Do you manage people at work? If so, how would you describe your role? If not, how would you describe the person who manages you? Think about it. I’ll give you a minute…
Do the words “public servant” come to mind? Unless you’re working for an elected official, the answer is almost certainly “no,” and that’s the reason why I founded BetterManager. Because our society views managing people as either an obligation or bragging right; it’s either something that pays the bills or a way to exercise power over others and inflate one’s ego.
Not unsurprisingly, 75% of employees said their manager was the most stressful part of their job.
This needs to change, and it can, by shifting the cultural paradigm from “manager as functionary” or “manager as fearmonger” to manager as a public servant.
Yes, I’m serious, just hear me out
Many CEOs and founders are philanthropists who serve the public good by donating personally to important causes or championing corporate social responsibility programs. These efforts are no doubt well-intentioned and, in many cases, long overdue. But, that’s not what I’m talking about here.
A recent report by McKinsey said it best: “Businesses looking to make an external social contribution should, paradoxically, look inside: improving workers’ job satisfaction could be the single most important thing they do.”
While many companies are legitimately reforming their business models to be more sustainable, just, and generally more responsible, these public-facing initiatives often obscure the reality that their own employees are unhappy. They might be poorly managed by people who view their roles as simply a mechanism for maintaining corporate operations and/or a license to belittle and make people feel small.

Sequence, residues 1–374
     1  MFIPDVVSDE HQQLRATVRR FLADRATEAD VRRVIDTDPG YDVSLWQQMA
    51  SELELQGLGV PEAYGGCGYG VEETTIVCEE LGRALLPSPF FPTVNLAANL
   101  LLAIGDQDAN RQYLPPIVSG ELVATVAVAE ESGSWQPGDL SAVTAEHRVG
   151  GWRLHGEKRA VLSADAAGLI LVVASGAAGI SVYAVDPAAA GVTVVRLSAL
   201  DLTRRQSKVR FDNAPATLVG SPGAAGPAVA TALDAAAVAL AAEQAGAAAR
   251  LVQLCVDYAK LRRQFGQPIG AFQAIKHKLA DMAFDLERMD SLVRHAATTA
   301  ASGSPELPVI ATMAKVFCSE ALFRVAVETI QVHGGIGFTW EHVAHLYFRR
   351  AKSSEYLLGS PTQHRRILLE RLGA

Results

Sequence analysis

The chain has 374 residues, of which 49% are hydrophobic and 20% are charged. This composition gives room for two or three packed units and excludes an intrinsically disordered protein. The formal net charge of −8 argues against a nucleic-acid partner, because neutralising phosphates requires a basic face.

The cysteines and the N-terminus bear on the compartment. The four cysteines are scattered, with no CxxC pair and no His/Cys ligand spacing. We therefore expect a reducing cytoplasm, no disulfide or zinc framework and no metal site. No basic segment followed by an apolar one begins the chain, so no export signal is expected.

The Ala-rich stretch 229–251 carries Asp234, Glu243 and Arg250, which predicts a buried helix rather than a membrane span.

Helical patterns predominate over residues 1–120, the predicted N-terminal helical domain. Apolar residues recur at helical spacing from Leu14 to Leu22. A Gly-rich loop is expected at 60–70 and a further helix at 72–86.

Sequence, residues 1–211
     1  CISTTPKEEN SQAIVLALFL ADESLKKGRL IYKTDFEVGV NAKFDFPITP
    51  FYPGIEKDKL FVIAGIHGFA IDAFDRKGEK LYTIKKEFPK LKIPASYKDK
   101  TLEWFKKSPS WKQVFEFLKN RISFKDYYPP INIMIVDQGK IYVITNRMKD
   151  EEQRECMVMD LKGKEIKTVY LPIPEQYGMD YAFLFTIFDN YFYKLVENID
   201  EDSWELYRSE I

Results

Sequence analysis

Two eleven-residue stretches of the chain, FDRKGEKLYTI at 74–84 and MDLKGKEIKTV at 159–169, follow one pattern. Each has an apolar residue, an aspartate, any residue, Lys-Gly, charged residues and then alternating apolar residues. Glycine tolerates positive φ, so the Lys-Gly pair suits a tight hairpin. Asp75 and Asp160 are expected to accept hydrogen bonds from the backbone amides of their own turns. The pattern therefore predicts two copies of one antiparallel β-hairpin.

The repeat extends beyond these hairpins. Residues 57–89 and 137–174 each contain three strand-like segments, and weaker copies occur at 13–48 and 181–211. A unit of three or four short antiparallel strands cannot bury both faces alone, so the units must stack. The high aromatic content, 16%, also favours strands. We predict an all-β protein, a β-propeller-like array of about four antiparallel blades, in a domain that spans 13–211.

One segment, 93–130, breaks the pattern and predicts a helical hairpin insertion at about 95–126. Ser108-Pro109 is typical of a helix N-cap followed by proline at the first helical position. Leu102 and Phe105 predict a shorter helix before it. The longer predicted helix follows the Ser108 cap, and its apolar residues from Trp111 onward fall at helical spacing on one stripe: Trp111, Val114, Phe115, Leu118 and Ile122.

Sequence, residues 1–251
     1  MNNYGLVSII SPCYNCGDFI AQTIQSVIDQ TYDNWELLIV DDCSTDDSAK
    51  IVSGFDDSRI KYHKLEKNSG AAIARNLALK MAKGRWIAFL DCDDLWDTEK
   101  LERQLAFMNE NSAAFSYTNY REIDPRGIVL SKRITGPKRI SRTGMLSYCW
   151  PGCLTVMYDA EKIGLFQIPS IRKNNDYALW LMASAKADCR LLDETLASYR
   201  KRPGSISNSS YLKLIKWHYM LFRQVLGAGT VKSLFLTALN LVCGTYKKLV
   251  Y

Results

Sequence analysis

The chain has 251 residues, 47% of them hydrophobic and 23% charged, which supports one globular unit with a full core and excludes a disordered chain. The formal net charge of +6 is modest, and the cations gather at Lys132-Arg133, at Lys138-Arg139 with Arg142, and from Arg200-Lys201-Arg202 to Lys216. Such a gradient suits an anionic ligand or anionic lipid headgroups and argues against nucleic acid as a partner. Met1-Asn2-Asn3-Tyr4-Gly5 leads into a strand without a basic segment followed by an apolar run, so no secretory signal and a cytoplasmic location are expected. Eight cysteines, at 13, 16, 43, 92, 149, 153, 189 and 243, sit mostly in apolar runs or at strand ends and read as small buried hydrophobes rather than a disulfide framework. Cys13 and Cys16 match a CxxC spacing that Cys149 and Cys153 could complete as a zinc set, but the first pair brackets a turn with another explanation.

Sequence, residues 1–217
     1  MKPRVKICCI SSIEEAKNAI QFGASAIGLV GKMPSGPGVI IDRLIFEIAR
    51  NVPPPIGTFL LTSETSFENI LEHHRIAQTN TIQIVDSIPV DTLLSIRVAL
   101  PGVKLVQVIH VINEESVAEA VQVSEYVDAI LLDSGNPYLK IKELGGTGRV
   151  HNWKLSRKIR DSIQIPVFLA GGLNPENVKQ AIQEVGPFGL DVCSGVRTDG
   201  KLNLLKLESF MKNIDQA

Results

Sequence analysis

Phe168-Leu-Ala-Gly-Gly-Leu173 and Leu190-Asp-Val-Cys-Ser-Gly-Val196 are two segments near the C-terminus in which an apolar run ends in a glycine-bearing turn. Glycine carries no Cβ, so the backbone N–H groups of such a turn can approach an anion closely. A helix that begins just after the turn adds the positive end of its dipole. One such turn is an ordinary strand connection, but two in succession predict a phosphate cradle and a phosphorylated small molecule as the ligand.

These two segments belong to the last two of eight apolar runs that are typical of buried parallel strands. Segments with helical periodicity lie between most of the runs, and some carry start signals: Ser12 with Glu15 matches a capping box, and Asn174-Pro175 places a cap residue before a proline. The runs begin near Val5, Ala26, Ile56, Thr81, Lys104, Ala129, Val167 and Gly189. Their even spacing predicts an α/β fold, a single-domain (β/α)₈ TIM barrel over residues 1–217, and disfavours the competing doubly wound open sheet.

At best, these managers suck all the oxygen out of the room, so to speak. At worst, they create emotionally scarring, toxic environments that can destroy lives and entire organizations.
Instead, imagine if our culture viewed managing people the way teachers view their classrooms — as learning environments where people’s talents and curiosities are cultivated for the public good.
Say hello to servant leaders
Managers with a passion for serving others are called ‘servant leaders,’ and their philosophy is simple and effective.
Servant leadership is probably a term you’ve seen before while scrolling through your LinkedIn feed. It was coined by Robert Greenleaf in 1970 to describe a timeless philosophy:
A servant-leader focuses primarily on the growth and well-being of people and the communities to which they belong. While traditional leadership generally involves the accumulation and exercise of power by one at the ‘top of the pyramid,’ servant leadership is different. The servant-leader shares power, puts the needs of others first and helps people develop and perform as highly as possible.
It may sound idealistic, but I’ve seen the benefits first-hand–at Google, where I was privileged to serve as Finance Director, and even earlier in my youth while growing up in a small working-class town outside of Paris.
I understood the servant leadership philosophy at a young age, by watching my mom at work. As a doctor, she worked tirelessly to improve the wellbeing of our community, sometimes to the financial detriment of our family.
When I asked her why she didn’t “just accept more patients to make more money,” she was clear about her priorities. If she accepted more patients, it would decrease the quality of care, something she wasn’t willing to accept.
I’d be lying if I said I wasn’t frustrated by her answer, but I knew it was her truth. She became a doctor because she cared deeply about her community and wanted to see it thrive. Her work was motivated by human connection and growth, not profit, and people treasured her for it.